SHARIFF AGUAK, MAGUINDANAO, The Philippines – Bullet-riddled houses. Mosques damaged by exploding artillery shells. The old provincial capital city, home to some 30,000 people, cannot still erase the scars and remnants of major armed conflicts that continued for 40 years up to the creation of the Bangsamoro Autonomous Region in Muslim Mindanao (BARMM) in early 2019 following the peace agreement signed between the national government and the Moro Islamic Liberation Front (MILF). From the roads going to her home in the marshland of this southern Philippine town, Jehan Galib can still hear the buzz of helicopter gunships.
“I can’t even remember how many times I had to be evacuated”
Armed conflicts and violence are a mainstay in the lives of Filipino Muslim residents of Maguindanao. More than 120,000 people have been killed, with millions more displaced. “I can’t even count how many times I and my family have had to be evacuated since I was a child,” Jehan, now 25 and a mother of two children, recalls. It almost became a routine for her to flee with her family to a displacement center in Barangay Tina, a far-flung community near the sprawling Liguasan Marsh that covers an area of 2,200 km2 in the Mindanao River basin in the Bangsamoro heartland.
Inside her house built with scruffy lumber close to the marsh, Jehan was trying to calm down her crying 9-month-old youngest daughter, Jayhana. “It’s hard because most of the time, we had to leave the house while the fighting was still going on and mortars were dropping near us," said Jehan. The family's house stands across a mosque where the community, mostly farmers including her husband, prays every Friday. "We always carried clothes, ready to escape. When we returned to our house, we found most of our belongings gone and our house destroyed,” she added.
Finding her place in UNFPA’s Women-Friendly Space
This unstable mode of life marred by constant displacement and destroyed livelihoods, did not allow Jehan to finish college. Cherishing the peace agreement and the creation of BARMM as offering more stability in her life, she also wanted to resume her learning. That is how Jehan subscribed herself to attend the awareness-raising sessions that the United Nations Population Fund (UNFPA) initiated in the province, focusing on women’s rights, gender-based violence, and protection from sexual exploitation and abuses.
This training campaign is a part of UNFPA’s “Women-Friendly Space” (WFS) initiative, which in Maguindanao has been implemented by UNFPA’s NGO implementing partner, the United Youth of the Philippines - Women Incorporated (UNYPHIL). UNFPA together with UNYPHIL has established and run three WFSs in Datu Saudi Ampatuan, Mamasapano, and Shariff Aguak, since November 2019. These areas have the highest numbers of internally displaced persons (IDPs) who have experienced multiple displacements for more than 10 years. The establishment of these three WFSs was supported by the UNFPA Humanitarian Action Thematic Fund (HTF) managed at its headquarters.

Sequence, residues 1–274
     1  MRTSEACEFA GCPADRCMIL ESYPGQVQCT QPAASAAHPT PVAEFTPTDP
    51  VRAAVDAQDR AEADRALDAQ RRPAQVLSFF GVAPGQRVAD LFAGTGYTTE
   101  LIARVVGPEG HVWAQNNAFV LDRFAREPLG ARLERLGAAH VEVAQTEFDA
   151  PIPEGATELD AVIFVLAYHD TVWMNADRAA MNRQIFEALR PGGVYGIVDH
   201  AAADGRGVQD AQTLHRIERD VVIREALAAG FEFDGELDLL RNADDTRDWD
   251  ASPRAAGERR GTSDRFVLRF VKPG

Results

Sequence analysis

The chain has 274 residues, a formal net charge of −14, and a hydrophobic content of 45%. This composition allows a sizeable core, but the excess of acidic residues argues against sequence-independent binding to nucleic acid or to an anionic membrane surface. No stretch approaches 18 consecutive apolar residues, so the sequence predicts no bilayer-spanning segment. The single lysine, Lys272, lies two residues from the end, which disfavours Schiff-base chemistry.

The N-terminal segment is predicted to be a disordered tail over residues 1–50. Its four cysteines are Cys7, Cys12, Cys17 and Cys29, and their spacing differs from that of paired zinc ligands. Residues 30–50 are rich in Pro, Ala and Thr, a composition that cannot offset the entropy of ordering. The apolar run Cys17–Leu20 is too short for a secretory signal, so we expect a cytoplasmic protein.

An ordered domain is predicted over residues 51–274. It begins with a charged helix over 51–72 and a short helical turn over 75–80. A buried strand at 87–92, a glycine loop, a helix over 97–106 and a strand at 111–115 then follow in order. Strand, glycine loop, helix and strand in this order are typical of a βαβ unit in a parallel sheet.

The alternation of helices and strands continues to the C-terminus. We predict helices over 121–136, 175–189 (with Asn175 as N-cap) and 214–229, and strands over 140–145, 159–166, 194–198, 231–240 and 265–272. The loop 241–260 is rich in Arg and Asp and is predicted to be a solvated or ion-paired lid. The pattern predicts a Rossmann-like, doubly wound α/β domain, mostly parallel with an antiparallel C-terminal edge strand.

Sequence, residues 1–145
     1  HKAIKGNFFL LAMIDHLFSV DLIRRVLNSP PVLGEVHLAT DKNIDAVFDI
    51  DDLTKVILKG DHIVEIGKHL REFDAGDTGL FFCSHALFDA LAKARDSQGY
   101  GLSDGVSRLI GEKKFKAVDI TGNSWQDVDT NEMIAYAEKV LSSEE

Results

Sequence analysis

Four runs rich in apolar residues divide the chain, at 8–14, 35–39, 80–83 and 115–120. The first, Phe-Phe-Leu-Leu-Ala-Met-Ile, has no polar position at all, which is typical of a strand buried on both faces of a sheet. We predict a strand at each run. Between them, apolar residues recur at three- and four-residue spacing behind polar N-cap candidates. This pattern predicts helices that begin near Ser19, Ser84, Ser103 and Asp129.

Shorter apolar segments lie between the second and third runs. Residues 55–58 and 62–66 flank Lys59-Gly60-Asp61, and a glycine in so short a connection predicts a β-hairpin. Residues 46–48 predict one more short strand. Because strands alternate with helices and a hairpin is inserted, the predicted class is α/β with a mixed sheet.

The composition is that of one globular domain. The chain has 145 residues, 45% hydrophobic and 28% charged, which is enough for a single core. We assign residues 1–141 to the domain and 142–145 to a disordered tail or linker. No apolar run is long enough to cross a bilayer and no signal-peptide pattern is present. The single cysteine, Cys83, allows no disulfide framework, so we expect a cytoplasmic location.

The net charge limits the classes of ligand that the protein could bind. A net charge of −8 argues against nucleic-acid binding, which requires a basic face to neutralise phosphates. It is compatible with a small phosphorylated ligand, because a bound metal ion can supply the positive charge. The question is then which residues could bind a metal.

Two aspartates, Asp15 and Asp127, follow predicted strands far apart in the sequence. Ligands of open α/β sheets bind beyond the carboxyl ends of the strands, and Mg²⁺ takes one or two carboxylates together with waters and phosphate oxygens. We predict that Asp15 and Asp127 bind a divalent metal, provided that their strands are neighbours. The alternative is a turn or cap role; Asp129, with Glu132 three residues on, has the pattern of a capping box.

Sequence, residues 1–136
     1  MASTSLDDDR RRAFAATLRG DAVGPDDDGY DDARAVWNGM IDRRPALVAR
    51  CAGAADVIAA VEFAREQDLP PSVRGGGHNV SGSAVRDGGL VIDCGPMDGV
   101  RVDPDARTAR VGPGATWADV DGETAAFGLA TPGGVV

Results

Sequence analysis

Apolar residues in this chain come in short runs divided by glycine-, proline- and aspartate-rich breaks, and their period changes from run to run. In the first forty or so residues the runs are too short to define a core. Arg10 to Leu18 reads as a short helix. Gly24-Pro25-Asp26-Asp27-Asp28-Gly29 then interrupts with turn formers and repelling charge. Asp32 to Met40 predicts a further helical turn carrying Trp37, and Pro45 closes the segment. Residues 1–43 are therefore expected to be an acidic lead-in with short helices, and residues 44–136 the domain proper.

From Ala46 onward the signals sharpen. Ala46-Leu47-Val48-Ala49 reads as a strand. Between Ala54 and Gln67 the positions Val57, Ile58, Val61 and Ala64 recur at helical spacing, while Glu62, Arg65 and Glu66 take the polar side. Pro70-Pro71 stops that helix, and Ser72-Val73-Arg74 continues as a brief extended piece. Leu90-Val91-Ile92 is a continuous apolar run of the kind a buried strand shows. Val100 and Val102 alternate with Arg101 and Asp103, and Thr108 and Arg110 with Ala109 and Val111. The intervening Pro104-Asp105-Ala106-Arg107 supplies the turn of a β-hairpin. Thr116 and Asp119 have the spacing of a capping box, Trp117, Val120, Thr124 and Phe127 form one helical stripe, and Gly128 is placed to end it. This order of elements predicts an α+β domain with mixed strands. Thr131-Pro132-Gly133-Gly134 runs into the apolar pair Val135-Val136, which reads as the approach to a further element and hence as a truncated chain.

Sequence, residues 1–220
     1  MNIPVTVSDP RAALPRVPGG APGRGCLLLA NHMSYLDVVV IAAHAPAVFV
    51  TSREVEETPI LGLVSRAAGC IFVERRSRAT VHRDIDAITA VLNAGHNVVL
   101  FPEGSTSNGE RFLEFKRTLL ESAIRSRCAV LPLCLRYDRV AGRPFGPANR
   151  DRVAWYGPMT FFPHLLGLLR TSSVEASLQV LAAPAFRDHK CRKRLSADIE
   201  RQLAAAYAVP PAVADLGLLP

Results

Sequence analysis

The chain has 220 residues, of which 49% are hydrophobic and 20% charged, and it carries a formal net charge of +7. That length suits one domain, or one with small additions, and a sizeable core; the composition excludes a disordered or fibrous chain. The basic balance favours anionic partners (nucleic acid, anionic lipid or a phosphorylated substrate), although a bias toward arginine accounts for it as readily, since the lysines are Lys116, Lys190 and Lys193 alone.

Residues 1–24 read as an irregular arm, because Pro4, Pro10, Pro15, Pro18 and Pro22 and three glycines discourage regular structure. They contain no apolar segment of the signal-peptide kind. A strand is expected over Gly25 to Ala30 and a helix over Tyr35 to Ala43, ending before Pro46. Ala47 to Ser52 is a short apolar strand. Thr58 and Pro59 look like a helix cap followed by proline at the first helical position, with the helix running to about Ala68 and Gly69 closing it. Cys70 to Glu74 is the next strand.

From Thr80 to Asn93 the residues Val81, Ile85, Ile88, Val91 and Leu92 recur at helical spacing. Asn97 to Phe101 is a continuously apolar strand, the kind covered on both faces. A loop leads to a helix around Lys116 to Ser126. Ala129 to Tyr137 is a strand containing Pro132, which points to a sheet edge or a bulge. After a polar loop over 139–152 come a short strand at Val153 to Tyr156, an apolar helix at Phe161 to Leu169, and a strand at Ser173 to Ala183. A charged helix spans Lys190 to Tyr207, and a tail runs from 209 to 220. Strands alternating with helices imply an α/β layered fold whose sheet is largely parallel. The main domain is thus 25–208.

UNFPA’s Women Friendly Spaces provide ‘safe space’ for women and girls - including the survivors of GBV and those who face risks of violence - where they can gain knowledge and also access a myriad of services. The WFS clients can seek psycho-social counselling service, with confidentiality ensured. They can also attend various information sessions regarding human rights and women’s health, as well as life-skills training, linked with livelihood programmes. WFS also provides GBV survivors with referral to necessary clinical, police and legal services.
The day-to-day operations of the three WFSs that UNFPA established in Maguindanao with UNYPHIL are now managed by some 60 women survivors from the armed conflicts, who went through the information sessions at WFS and were trained as facilitators, including Jehan. The UNFPA project provides them with cash assistance as stipend to run the WFSs.
Her resolution to finish college, once given up amid conflict
Before attending the info sessions at UNFPA Women Friendly Space and becoming a WFS facilitator herself, Jehan admits that “I myself knew only little about women's rights, as there were very few opportunities to study and learn while fleeing from conflicts and attending to the needs of my children while my husband was away for work.”
The encounter with the Women Friendly Space facilitators and the staff behind these awareness-raising activities opened her eyes, and their dedication to advancing women’s empowerment and gender equality from the grass-root level inspired her, Jehan adds. “They have invested so much of their time to reach people in high-risk areas, to educate and empower those who otherwise would have been left behind. Now, not only I know where to report a case of gender-based violence, but also I know how to teach my fellow women about their rights and motivate them to report if they fall victim to any violence.”
The involvement with WFS gave Jehan confidence and encouragement to continue her degree in education. “Before working at WFS, I did not know that I am capable of doing more than house work. Now I realize it is my right to finish my education and have my own work not just to help provide for my own family, but also protect other women and girls who are suffering from abuse.”
“And my hope is,” Jehan adds, “Someday, my daughters will finish their college education and have a good job when they grow up so they can be independent and stand on their own even if I am gone. They should realize that they can achieve so much. They should no longer have to experience the kind of life that my generation had. I have learned all these at Women Friendly Space.”